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January 30, 1910

USE OF AEROPLANE IN WAR.

Taft Will Be Asked to Urge Devel-
opment of Craft.

ST. LOUIS, Jan. 29. -- Congress is to be petitioned, according to a resolution passed at a conference of the aero clubs here today to determine the value of aerial craft in warfare.

A committee from the aero clubs is to call on President Taft and ask him to undertake steps to insure the development of aerial craft.

The conference, which was presided over by Cortlandt F. Bishop, president of the Aero Club of America, represented clubs from thirteen cities and states. Mr. Bishop represents by proxy the aero clubs of New England, California and Colorado. Dayton, O., Kansas City, Peoria, Ill., Rochester, N. Y., Indianapolis, Des Moines, Baltimore and Washington had representatives here.

Applications for the international aviation and balloon races were announced from Kansas City, Peoria, Indianapolis and Philadelphia. Baltimore and Washington entered a joint application for College Park, Md.

The place for holding the international aviation and balloon contests will be decided on by the Aero Club of America within thirty days.

Kansas City delegates tonight told of the advantages of their city for the meet, particularly because the winds in the fall blow east and Kansas City is centrally located.

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November 4, 1909

$1,000 FOR MISSOURI SONG.

Verses and Music, to Be Dedicated
to State, Will Be Decided Upon
by Governor and Committee.

JEFFERSON CITY, MO., Nov. 3. -- Governor Hadley wants a song dedicated to the state of Missouri that will be noted far and wide for its soul stirring melody, as well as its force of poetry descriptive of the past history of Missouri and the good things that are in store for the state.

During his trip down the Mississippi river with President Taft and party, he listened to songs dedicated to other states and became so impressed therewith that he induced Cyrus P. Walbridge, David R. Francis, Charles Huttig, James H. Smith and Harry B. Hawes, of St. Louis, to put up $50 each. The parties on the steamboat Alton, Gray Eagle and Wells each chipped in and raised $250.

This makes $1,000, which will be paid to the person or persons composing verses and music that will meet with the approval of the governor and a special committee composed of the following:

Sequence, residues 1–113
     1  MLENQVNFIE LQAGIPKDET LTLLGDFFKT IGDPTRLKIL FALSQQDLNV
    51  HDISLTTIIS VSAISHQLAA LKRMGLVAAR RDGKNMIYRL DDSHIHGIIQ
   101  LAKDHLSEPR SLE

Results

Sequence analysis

David R. Francis, Captain Henry King, managing editor of the St. Louis Globe-Democrat; Henry N. Cary, general manager of the St. Louis Republic, Walter S. Dickey, of Kansas City, and Hal Gaylord, of The Kansas City Journal.

Only Missourians who can compose a beautiful song melody, with words telling of the past glories of Missouri and her future prospects need apply. In a few days the governor will write to the members of the committee, telling them his ideas in general terms regarding the kind of song that should be dedicated to this state.

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October 31, 1909

GREY EAGLE INJURED IN RACE.

Steamer Quincy Smashes Paddle
Wheel of Kansas City Boat.

NATCHEZ, MISS., Oct. 29. -- With Speaker Joe Cannon, two score congressmen and several senators leaning over the railing waving their hats and cheering like a crowd of college boys at a football game, the steamers Quincy and Grey Eagle of the Taft flotilla raced for more than a mile coming out of Vicksburg last night.

The contest ended when the Quincy crashed into the Grey Eagle, crushing the wheel. The damaged boat managed to make her way to Natchez, where carpenters made the necessary repairs.

The Grey Eagle is carrying the Kansas City, Mo., river boomers to the New Orleans convention.

When the boats crashed, passengers on both were hurled to the deck. No one was injured, however. The Quincy and Grey Eagle have been speed rivals during the entire trip.

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October 29, 1909

CAN'T KEEP UP WITH TAFT
BOAT OLEANDER.

Gray Eagle Passengers Temporarily
Board Unidentified Steamer.

HELENA, ARK., Oct. 28. -- The steamer Gray Eagle, of the fleet accompanying President Taft down the Mississippi, and which was run on a sandbar last night to prevent a possible conflagration, was not seriously delayed. Repairs to the boiler grates were made in an hour and the steamer set out after her sister craft. Her passengers, including several governors, were transferred to another steamer after the accident and later reboarded the Gray Eagle.

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October 25, 1909

OFF FOR TAFT RIVER TRIP.

Deep Waterways Cheered as Party of
Kansas City Men Leave for Alton
and St. Louis.

More than a half hundred prominent Kansas City men, comprising the delegation that is to go down the river on the steamboat Gray Eagle in the presidential party, departed last night over the Chicago & Alton railroad on a special train consisting of five sleepers and a baggage car for Alton, Ill., where they will arrive this morning.

Decorators who were sent to Alton in advance, reported last evening to Secretary Cledening of the Commercial Club that the boat will be one of the handsomest in appearance in the big fleet.